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Updated: 9 years 26 weeks ago

Guyana: Thoughts on Death

Thu, 11/06/2008 - 7:58am

“I do not obsess too much…with what lies after death; my concern is with the quality of life one leads here”: From Guyana, Ruel Johnson writes “a brief note” on death.

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Venezuela: The Launch of the Simón Bolívar Satellite

Sat, 11/01/2008 - 11:09am

After three years in the making, the government of Venezuela placed a geostationary satellite into orbit. Launched from China, the satellite will be used for telecommunications projects for the country and for Latin America. The Simón Bolivar satellite, named for the national liberator, will be in operation for 15 years and will serve for connectivity, telephone and television transmissions around the southern continent that have depended on the infrastructure of the United States.

For hours, Venezuelan bloggers watched the transmission on the state television channel, while the rocket was launched. They also watched President Hugo Chávez take advantage of the event to campaign politically for his candidates running for local mayors and governors in the November 23 elections. The satellite, as are all political events, is a symbol for discussion.

Yosmary de Rausseo [es] republished the official information, the launch videos, and accompanied the note with the following message, “Long live the Bolivarian Revolution and the advanced policies of Hugo Chávez.”

On his blog, Horacio of UnoConTodo [es] is reminded that the country still has a lot of social debts that have not been resolved and that it a “satellite for an elite” He also shows a photograph of a 5-year-old child searching for food in the garbage.

Guillermo Amador also writes about the changes that will tkae place in the country as a result of the satellite, and that soon there will be local names like Space Shuttle Arepa 3000, in reference to the music video of the band Los Amigos Invisibles. Guillermo hopes that the satellite will be “run by the most prepared, and not by the most loyal and “committed [es] ” in the government so that it does not go to waste.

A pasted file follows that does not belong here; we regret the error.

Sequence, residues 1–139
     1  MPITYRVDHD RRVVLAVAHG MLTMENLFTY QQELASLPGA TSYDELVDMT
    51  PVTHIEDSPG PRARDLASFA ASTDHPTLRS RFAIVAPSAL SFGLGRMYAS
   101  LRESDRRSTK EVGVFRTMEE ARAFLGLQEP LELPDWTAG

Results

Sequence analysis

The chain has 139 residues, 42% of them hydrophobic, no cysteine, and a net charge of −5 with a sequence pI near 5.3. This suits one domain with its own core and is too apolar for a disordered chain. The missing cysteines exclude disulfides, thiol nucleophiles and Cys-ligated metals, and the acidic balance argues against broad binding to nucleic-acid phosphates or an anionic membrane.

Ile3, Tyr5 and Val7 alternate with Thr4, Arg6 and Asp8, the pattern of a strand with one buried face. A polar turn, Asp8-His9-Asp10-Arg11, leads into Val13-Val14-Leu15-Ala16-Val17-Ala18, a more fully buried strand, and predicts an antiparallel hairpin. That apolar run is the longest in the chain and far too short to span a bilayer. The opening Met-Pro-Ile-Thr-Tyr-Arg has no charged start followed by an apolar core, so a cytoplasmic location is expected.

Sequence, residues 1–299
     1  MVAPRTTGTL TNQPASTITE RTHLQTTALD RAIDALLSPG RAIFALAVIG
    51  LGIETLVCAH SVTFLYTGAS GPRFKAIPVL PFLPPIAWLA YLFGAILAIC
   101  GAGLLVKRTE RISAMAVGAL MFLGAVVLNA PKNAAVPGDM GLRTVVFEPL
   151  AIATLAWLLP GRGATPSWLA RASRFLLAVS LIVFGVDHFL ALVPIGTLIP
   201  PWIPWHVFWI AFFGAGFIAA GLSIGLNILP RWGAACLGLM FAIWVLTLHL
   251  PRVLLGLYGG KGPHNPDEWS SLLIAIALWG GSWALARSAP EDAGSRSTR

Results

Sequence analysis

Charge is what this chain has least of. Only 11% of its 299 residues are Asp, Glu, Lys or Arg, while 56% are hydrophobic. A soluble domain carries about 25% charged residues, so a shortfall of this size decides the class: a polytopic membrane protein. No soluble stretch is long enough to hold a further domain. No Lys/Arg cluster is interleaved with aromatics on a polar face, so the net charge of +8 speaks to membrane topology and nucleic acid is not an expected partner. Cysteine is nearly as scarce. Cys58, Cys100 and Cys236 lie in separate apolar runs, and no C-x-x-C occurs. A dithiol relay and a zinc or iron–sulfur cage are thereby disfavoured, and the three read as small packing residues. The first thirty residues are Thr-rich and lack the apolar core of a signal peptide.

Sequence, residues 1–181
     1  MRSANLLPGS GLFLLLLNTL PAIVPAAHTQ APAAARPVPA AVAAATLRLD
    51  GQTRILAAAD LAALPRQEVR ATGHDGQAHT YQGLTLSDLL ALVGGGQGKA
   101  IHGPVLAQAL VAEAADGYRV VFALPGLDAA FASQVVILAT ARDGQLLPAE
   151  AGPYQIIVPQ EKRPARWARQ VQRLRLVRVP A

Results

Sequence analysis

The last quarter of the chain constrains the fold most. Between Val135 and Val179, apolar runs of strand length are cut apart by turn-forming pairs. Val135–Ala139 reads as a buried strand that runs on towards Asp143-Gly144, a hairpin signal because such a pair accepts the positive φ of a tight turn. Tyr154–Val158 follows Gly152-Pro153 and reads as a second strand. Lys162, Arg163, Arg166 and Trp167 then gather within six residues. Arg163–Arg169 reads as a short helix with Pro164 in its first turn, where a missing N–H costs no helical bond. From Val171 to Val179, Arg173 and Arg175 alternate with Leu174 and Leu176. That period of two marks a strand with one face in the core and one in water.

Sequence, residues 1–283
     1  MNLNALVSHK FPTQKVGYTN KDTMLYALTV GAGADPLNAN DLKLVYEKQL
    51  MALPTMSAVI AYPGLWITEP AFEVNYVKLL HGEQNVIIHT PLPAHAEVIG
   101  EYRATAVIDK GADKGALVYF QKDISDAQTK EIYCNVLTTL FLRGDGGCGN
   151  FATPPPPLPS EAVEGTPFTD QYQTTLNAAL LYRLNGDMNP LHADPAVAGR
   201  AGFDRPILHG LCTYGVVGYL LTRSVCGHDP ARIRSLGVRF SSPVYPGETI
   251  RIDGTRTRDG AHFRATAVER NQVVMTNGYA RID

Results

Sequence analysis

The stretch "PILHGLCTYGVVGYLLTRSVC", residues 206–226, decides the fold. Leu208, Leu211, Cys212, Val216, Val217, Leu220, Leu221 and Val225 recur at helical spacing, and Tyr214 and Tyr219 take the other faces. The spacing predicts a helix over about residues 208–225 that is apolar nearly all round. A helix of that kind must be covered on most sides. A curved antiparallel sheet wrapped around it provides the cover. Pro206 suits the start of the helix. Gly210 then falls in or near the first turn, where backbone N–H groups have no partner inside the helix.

Romulo Rodriguez, an astronomy blogger [es], approved of the launch and wrote that Venezuelan technicians were trained to control the satellite. He sees it as a positive thing that television signals will reach more people, even if they are state-run channels.

To end, humorist Laureano Márques, responded to the way that president Chávez used a scientific event for politics when he referred to his ideology and his candidates.

El Presidente afirmó: “¿Qué tiene que ver un satélite con el socialismo? Una empresa capitalista lanza un satélite para hacer dinero. Este es un acto de liberación e independencia (…) para construir el socialismo dentro de Venezuela y para cooperar con otros pueblos”, cosa que me parece extraordinaria.

Lástima que los chinos no piensen igual y hayan cobrado a Venezuela 241 millones de dólares, a los que se suman 165 millones por la construcción de las dos sedes terrestres de control.

Electores, el próximo 23 de noviembre, cuando estén solos con sus conciencias, recuerden que ahora, desde lo alto del espacio, el Libertador os contempla.

The President stated, “What does a satellite have to do with socialism? A capitalistic company launches a satellite to make money. This is an act of liberation and independence (…) to construct socialism within Venezuela and to work together with other countries,” something that I think is great.

It is a shame that the Chinese do not think the same when they charged Venezuela 241 millions of dollars, which is added to the 165 million of dollars in the construction of the two ground control sites.

Voters, on November 23 (election day), when you are alone with your conscience, remember that now, from high up in space, the Liberator is watching you.

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